CIAO MARCELLO! A TRIBUTE TO MARCELLO MASTROIANNI At Cinematheque Ontario (317 Dundas West) from June 13 to August 1. See Indie & Rep Film. 416-?968-?FILM. Rating: NNNNN
it’s impossible to imagine post-war Italian cinema without Marcello Mastroianni, and Cinematheque’s summer-long retrospective is a good place to check out any films you may have missed. Think of this as Essential Mastroianni.
The series kicks off with his most indelible role, the jaded, cynical gossip columnist Marcello in Federico Fellini’s La Dolce Vita (Friday, June 13, 7 pm).
Everyone remembers Anita Ekberg’s nocturnal splash in the Tivoli Fountain or Anouk Aimée in those fabulous shades, but it’s Mastroianni’s constantly hung-over anti-hero who is the troubled conscience of the film. Will he ever become a serious artist, or will he squander his life in decadence?
Mastroianni’s conflicted Guido in Fellini’s 8½ (July 2, 7 pm) is a variation on that theme, but this time his character is more obviously successful (aging makeup helps), more in control as the star director, sought after by starlets, juggling his wife and his mistress and trying to finish his latest film.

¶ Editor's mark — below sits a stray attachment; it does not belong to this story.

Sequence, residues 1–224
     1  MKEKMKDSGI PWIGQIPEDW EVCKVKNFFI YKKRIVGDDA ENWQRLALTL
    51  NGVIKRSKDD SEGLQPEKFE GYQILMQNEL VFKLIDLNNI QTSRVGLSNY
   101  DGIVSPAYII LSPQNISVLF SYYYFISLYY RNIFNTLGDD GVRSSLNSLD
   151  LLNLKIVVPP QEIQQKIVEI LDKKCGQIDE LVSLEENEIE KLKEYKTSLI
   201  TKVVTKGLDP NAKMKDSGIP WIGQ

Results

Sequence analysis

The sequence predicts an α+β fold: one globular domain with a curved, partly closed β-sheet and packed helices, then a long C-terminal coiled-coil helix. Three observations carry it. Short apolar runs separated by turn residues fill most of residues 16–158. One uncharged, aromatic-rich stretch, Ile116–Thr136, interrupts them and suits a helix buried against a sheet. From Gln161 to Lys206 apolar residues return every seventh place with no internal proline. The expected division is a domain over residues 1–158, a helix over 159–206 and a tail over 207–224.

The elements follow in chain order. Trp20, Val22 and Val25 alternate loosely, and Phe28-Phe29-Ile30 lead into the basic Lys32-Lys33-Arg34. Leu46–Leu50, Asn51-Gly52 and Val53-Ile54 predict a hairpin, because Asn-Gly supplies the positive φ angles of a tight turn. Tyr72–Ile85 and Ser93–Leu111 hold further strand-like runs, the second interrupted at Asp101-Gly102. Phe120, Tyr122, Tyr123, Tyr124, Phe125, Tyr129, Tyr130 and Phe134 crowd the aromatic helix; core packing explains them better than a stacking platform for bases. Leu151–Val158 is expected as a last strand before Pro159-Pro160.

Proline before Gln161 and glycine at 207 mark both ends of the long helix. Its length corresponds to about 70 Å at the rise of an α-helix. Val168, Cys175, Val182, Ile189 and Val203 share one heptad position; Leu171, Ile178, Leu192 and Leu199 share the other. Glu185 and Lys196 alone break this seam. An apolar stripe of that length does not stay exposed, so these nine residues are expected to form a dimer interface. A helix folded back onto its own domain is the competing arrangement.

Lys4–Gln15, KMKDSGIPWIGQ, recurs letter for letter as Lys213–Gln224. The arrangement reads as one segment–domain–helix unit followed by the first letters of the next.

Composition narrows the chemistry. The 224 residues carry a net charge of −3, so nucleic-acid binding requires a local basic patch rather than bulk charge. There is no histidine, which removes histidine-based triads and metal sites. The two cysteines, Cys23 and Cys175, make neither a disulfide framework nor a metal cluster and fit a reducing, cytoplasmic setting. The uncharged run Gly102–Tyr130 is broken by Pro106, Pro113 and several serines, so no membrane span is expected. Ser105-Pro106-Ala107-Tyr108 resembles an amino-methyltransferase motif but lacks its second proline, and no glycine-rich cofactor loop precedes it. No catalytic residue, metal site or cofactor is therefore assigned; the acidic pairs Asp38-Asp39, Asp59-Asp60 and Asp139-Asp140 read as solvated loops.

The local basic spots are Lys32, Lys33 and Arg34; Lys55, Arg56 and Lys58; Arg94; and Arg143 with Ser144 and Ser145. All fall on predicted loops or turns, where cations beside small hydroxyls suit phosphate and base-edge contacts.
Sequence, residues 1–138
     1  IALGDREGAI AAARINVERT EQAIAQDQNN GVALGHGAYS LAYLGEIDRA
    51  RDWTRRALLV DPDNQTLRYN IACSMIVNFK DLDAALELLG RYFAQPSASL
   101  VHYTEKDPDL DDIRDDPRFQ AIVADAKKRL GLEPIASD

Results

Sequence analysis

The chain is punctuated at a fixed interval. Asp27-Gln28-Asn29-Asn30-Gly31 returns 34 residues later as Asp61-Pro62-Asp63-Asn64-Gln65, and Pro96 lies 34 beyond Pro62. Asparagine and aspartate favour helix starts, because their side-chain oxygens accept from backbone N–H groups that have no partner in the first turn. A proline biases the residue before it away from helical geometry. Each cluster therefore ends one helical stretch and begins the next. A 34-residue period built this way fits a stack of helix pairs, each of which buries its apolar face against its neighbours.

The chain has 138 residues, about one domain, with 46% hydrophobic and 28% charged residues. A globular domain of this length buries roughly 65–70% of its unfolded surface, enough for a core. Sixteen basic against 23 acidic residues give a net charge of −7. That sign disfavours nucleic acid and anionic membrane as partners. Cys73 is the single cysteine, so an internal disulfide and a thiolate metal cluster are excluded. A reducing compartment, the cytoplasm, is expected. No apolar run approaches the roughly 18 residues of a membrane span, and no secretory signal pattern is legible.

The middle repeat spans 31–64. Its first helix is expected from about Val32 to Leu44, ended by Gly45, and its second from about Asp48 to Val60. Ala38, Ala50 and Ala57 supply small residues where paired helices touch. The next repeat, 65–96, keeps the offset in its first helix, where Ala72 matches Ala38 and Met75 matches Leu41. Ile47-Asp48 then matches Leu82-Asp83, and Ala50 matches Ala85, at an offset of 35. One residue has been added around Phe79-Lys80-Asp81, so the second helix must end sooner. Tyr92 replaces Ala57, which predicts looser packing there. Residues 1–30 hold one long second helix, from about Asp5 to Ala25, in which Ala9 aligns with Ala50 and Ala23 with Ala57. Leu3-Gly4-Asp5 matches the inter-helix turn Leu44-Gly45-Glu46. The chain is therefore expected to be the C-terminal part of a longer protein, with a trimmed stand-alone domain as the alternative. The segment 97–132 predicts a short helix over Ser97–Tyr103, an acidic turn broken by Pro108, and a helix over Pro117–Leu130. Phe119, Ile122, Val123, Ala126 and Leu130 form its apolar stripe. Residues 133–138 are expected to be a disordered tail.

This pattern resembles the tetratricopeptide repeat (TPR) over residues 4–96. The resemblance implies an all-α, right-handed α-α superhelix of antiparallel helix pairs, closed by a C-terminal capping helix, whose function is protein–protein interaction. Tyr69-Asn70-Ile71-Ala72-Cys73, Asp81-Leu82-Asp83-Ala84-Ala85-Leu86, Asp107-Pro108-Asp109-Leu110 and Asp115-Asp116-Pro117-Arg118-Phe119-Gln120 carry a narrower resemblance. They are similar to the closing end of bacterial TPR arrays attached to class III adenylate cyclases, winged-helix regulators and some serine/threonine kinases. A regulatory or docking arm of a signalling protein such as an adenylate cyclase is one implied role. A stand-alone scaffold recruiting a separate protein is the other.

Mastroianni once said that Fellini hired him because of his ordinary face. He’s got a point. His features are pleasant but not intimidatingly perfect, and you can easily project your own thoughts and feelings onto his passive mug, surrounded as it is by colourful types.
That’s certainly the case in Michelangelo Antonioni’s La Notte (July 9, 7 pm). Here, the actor plays Giovanni, yet another artist figure who’s tempted by both a sexy younger woman (Monica Vitti) and a wealthy industrialist’s job offer, all while trying to keep his marriage to Jeanne Moreau intact.
The actors move around Antonioni’s gorgeous Milan sets like pieces on an artfully constructed chessboard. Mastroianni delivers some of his best work here, especially in his final moments with Moreau where he nearly breaks down.
Mastroianni could smoulder with the best of them. His first major role was in Luchino Visconti’s White Nights (August 1, 7 pm), playing the passionate young man smitten with a woman (Maria Schell) who’s obsessed by a figure in her past. It’s basic soap material heightened by Visconti’s eerily artificial set and the committed performances by the leads.
He could also do comedy. My favourite Mastroianni is his Oscar-?nominated turn as Divorce – Italian Style’s (Saturday, June 14, 7 pm; July 4, 8:45 pm) jaded baron, who orchestrates an elaborate plot so his horny, lonely wife (Daniela Rocca) will cheat on him and he can murder her.
Mastroianni captures it all with winning physicality: love, hate and anxiety, which manifests itself in one of the most hilarious facial twitches ever caught on film.